All-in all, “The Book of Mormon” is blessed with a tight-knit, energetic and highly skilled cast – and when combined with the expert work of the musicians and behind-the-scenes technical craftspeople, the result is one heck of a fine and entertaining show.
The premise – for the five or so of you who haven’t seen the show yet – is simple: A cooking accident by convent cook Sister Julia, Child of God, has wiped out 52 members of the Little Sisters of Hoboken.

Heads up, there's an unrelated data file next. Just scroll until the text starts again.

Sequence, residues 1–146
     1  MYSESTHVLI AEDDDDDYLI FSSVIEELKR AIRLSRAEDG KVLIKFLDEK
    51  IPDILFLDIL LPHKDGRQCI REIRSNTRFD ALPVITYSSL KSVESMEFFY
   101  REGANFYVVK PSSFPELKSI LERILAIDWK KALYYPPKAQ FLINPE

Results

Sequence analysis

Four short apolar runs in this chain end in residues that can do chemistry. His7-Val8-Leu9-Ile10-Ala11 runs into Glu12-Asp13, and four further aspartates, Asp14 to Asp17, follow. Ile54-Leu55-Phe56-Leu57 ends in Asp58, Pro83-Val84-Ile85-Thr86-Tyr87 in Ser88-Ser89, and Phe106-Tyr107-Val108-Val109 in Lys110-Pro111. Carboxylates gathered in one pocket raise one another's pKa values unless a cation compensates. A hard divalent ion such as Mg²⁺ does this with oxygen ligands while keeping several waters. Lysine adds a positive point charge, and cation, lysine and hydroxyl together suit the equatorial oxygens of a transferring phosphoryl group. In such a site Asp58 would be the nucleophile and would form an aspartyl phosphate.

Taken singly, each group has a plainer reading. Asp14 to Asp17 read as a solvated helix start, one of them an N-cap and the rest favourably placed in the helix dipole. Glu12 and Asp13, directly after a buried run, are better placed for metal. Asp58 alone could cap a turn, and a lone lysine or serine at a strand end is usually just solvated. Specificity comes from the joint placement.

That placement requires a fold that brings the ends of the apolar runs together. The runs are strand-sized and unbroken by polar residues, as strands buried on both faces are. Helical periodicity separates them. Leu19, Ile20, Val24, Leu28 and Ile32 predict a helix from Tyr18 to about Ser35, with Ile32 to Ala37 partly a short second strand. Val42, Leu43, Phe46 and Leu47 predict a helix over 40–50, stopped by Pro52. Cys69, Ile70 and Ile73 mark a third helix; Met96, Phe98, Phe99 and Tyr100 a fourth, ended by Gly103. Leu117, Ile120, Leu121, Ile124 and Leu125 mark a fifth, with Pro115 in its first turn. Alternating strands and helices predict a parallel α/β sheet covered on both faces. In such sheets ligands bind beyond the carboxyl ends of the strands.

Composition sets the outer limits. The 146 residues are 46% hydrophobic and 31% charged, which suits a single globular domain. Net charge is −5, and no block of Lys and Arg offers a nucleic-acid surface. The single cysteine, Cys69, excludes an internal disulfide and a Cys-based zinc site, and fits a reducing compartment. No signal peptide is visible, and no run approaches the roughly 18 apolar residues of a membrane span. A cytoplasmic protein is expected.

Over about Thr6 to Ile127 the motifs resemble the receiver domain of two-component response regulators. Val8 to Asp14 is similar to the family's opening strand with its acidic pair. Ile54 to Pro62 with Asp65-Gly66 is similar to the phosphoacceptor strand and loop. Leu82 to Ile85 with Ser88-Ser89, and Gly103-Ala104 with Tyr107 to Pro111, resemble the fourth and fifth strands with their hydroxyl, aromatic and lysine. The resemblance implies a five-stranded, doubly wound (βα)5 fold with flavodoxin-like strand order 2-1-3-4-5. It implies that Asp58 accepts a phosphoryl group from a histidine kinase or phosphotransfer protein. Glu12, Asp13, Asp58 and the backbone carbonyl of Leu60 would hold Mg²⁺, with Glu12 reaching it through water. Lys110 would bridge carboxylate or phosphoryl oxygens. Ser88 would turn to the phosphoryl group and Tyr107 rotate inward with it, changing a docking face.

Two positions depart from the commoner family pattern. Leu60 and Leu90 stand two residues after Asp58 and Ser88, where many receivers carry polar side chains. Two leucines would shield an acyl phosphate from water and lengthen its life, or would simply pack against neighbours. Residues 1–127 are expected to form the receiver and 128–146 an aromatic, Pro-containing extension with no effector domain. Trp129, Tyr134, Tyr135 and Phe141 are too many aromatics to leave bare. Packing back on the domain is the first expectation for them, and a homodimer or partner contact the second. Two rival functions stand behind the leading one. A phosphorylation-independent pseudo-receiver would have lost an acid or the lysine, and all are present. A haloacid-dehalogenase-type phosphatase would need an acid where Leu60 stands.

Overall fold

Her actors are veterans all, but they still do a remarkable job in delineation of character. The use of body language is wonderful.
Long before we see them, we hear the surly cast and their cantankerous stage manager exchanging barbs in atrocious Russian accents more reminiscent of Boris Badenov than Boris Yeltsin.
“The Christmas Carol Caper” is a play within a play, a wickedly difficult form to pull off. It requires actors playing actors playing characters.
Writer and poet Oscar Wilde had an incomparable command of the English language and the wit to employ it to maximum advantage.